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Artigues-près-Bordeaux, France

Dehours E.,University Paul Sabatier | Dehours E.,Toulouse 1 University Capitole | Bounes V.,University Paul Sabatier | Bounes V.,Toulouse 1 University Capitole | And 6 more authors.
European Journal of Clinical Pharmacology | Year: 2014

Purpose: The purpose of this study is to assess the incidence of adverse drug reactions (ADR) leading to call an emergency medical dispatching centre. Methods: A prospective, observational, monocentric clinical study performed over a 2-year period (2011-2012) in a French prehospital emergency dispatching centre, the Service d'Aide Médicale Urgente (SAMU) covering 1,156,000 inhabitants. All adult patients (age≥18) who called for any cause were included. We created an electronic trigger 'iatrogenic event' implemented by the dispatching physician for each suspected case of ADR, then we completed the analyses of all the cases with a chief complain represented in more than 1 % of the triggered cases. The primary outcome variable was the occurrence of any possible ADR. We then used the French method of causal relationship assessment. Results: The SAMU dispatched 339,915 calls during the study. In total, 1,467 ADRs were identified, representing 0.95 % (CI 95 % 0.90-1.00 %) of cases. ADRs were as serious (SADR) in 51.06 % (CI 95 % 48.45-53.67 %) of cases. The major ADR observed was haemorrhage, (42.81 % (CI 95 % 40.62-45.00 %), n=628) followed by allergy, hypoglycaemia, vomiting, dizziness and drowsiness. The class of drugs most frequently involved was antithrombotic (43.69 % (CI 95 % 41.45-45.93 %), n=641), followed by insulin (17.98 % (CI 95 %:17.06-18.90 %), n=264). Conclusions: Emergency calls concerning ADRs were estimated as 9/1,000, and one out of two is serious. © 2014 Springer-Verlag. Source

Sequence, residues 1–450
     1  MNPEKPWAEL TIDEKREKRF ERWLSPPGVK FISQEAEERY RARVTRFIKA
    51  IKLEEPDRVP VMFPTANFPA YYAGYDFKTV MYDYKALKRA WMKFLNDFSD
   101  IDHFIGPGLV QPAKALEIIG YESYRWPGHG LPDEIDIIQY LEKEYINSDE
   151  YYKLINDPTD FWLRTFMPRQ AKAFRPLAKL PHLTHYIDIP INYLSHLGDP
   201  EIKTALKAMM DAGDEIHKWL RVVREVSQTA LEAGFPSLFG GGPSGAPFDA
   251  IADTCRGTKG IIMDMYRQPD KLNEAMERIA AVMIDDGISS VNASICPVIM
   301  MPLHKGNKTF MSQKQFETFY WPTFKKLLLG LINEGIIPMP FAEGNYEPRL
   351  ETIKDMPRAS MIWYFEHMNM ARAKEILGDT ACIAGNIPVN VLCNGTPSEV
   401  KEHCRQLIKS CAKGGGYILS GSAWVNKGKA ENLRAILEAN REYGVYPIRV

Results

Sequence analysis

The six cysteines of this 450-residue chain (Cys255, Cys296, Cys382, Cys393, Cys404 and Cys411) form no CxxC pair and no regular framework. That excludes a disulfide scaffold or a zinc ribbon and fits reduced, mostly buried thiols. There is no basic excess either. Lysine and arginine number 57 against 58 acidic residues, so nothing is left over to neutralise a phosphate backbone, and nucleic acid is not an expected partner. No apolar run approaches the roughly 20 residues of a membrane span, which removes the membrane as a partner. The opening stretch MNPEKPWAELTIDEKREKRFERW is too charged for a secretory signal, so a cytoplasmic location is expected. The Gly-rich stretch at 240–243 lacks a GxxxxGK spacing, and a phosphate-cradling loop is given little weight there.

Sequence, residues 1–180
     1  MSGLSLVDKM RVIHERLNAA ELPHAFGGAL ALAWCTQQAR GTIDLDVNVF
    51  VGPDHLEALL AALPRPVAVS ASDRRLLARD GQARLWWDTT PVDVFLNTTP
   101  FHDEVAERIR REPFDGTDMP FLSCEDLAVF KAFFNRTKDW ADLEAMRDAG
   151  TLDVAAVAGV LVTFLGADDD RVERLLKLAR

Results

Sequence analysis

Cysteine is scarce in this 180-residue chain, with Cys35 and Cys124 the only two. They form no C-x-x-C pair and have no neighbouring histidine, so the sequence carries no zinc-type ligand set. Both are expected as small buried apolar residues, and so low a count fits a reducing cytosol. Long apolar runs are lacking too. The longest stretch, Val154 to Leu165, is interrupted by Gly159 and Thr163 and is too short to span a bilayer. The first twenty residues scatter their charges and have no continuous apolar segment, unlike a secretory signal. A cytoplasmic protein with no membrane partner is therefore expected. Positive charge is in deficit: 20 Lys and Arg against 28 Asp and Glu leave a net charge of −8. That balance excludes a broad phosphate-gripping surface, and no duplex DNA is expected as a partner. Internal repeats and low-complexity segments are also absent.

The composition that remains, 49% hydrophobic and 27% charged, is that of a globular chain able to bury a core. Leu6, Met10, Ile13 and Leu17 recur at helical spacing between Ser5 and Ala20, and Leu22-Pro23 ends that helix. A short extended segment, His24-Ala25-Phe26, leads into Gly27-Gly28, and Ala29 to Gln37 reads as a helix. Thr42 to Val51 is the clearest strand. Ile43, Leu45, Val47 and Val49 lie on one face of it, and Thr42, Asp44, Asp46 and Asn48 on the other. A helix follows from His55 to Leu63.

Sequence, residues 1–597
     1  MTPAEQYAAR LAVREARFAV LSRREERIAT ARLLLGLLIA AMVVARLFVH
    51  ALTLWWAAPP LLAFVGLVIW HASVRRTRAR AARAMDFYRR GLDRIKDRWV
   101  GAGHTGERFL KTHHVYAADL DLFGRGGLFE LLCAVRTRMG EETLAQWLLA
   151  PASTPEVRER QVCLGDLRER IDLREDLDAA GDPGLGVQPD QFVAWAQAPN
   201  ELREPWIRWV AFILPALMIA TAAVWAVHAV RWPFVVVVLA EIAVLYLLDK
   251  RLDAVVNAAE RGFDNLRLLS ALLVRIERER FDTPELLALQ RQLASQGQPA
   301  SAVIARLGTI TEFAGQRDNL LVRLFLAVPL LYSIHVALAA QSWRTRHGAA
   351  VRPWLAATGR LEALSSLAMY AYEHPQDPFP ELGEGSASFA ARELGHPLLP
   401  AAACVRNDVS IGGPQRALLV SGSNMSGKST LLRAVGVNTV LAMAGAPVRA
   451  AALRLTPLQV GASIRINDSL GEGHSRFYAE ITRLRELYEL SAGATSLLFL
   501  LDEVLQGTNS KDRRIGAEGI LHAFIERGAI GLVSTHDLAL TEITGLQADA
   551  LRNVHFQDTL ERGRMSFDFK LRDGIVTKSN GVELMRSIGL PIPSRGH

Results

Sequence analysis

Morel O.,University of Strasbourg | Morel O.,Hopitaux Universitaires Of Strasbourg | Morel O.,French Institute of Health and Medical Research | Morel N.,Hopital Pellegrin | And 9 more authors.
Seminars in Immunopathology | Year: 2011

Plasma membrane remodeling characterized by phosphatidylserine exposure and consecutive microparticle (MP) shedding is an ubiquitous process enabling the clearance of senescent cells and the maintenance of tissue homeostasis. MPs are released as fragments from the budding plasma membrane of virtually all eukaryotic cell types undergoing stimulation or apoptosis and may be considered a broad primitive response to stress. MP release is dependent on cytoskeleton degradation pathways involving caspases, requires a sustained increase in intracellular calcium triggering K+ and Cl- efflux and is possibly tuned by mitochondria permeability changes. Because they convey a broad spectrum of bioactive molecules, circulating MPs may serve as shuttles promoting cellular cross talk in various pathological settings such as inflammation or immunity-induced thrombotic disorders. If the drastic shedding of procoagulant MPs appears clearly noxious in thrombotic disorders or in some models of inflammation-induced coagulopathy, this does not necessarily endorse their invariably harmful nature. In the vessel, endothelial cytoprotection reported in the early regulation of inflammation-induced coagulopathy is emblematic of the beneficial effects provided by MPs. In addition, MPs would prove beneficial in the prevention of blood leakage. Because of their multiple properties that are characteristic of a private response of the parental cell, MPs could act as cytoprotective and anti-inflammatory agents through the delivery of activated protein C or annexin 1 and could contribute to the limitation of vascular hyporeactivity. Owing to their ability to cargo bioactive signals, MPs could be viewed as an integrated communication network enabling the coordination of complex cellular responses in biological fluids and the maintenance of the homeostasis equation. A better understanding of the molecular mechanisms involved in MP shedding would pave the way of a new pharmacological approach aiming at the control of MP-driven cellular responses. © 2011 Springer-Verlag. Source


Hovorka I.,Orthopedic Surgery | Hauger O.,Hopital Pellegrin | Boileau P.,Orthopedic Surgery
Radiology | Year: 2013